Cactus versus climate change

June 12, 2012 at 7:12 am | Posted in Uncategorized | Leave a comment

ICARDA is helping to develop new sources of livestock fodder such as spineless cactus, Opuntia ficus indica. This hardy, drought-tolerant species is widely grown in North Africa, partly as a result of joint research projects in the region; but adoption in West Asia is limited by the near-freezing winter temperatures. Seventy-three cactus genotypes from 11 countries are being evaluated for drought and cold tolerance, and adaptation to agro-ecologies in West Asia. The genotypes were tested under different conditions: in the greenhouse, in a shaded area (to avoid very low night temperatures), and in the open field. The experiments measured the effect of cold, planting date and agronomic practices on plant survival and vigor.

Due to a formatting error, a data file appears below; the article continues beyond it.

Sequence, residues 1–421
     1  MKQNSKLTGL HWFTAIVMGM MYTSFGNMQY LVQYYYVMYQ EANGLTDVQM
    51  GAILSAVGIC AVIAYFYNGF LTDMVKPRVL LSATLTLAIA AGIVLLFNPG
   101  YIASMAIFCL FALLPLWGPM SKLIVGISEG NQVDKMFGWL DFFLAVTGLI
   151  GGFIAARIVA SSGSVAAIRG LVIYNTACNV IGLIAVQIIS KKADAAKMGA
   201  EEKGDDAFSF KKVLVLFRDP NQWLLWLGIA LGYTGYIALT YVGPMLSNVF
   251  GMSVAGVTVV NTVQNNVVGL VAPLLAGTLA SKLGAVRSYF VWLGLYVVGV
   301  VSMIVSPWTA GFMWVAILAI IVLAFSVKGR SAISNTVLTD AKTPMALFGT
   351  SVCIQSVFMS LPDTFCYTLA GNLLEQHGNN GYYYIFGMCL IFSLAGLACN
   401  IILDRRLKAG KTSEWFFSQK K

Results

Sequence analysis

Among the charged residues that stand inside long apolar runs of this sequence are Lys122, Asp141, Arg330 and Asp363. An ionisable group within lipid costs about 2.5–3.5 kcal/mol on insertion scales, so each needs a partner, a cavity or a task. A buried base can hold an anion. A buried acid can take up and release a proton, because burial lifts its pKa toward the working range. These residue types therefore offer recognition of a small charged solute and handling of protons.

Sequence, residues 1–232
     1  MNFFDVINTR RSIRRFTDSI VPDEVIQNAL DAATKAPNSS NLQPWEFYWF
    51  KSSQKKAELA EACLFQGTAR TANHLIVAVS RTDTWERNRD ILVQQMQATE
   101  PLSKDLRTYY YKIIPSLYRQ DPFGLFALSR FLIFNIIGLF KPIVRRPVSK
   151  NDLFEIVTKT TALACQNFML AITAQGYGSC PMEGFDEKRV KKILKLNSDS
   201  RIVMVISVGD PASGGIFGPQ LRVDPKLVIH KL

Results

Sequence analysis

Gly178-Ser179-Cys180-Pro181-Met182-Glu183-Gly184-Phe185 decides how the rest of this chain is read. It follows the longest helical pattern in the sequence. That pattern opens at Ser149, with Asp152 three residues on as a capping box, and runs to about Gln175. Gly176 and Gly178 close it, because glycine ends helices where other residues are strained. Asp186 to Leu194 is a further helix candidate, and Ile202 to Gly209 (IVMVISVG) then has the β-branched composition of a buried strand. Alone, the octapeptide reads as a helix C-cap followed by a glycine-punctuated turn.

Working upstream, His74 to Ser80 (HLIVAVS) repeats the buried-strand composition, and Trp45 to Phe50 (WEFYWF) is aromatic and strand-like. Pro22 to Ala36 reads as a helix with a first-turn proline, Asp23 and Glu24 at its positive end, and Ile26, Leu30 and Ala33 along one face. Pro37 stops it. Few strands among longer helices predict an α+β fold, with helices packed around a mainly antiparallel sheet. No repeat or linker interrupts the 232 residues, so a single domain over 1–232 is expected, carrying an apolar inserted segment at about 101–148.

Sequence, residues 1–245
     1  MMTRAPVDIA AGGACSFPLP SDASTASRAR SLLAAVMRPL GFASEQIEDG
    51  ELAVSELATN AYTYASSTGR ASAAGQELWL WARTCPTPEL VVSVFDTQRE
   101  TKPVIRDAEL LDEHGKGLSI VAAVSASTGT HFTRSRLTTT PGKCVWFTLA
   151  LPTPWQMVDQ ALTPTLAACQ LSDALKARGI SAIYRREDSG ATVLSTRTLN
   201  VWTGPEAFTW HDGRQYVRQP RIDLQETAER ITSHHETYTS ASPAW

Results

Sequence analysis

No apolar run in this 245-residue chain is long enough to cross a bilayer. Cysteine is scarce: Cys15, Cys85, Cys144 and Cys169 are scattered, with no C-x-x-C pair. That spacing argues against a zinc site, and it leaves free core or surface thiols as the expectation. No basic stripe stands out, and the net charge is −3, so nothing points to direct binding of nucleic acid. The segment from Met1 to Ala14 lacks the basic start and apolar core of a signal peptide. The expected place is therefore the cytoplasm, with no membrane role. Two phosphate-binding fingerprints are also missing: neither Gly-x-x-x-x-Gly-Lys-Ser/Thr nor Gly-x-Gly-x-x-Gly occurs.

During the winter, over 90% of the genotypes in the field plot apparently succumbed to cold. But once the weather started to improve in spring, growing points began to emerge even from under the ground. About half the accessions survived the harsh winter. Twelve genotypes from Argentina were particularly cold-tolerant, with 100% survival.

For more information contact Dr Mounir Louhaichi, rangeland ecologist, email M.Louhaichi@cgiar.org

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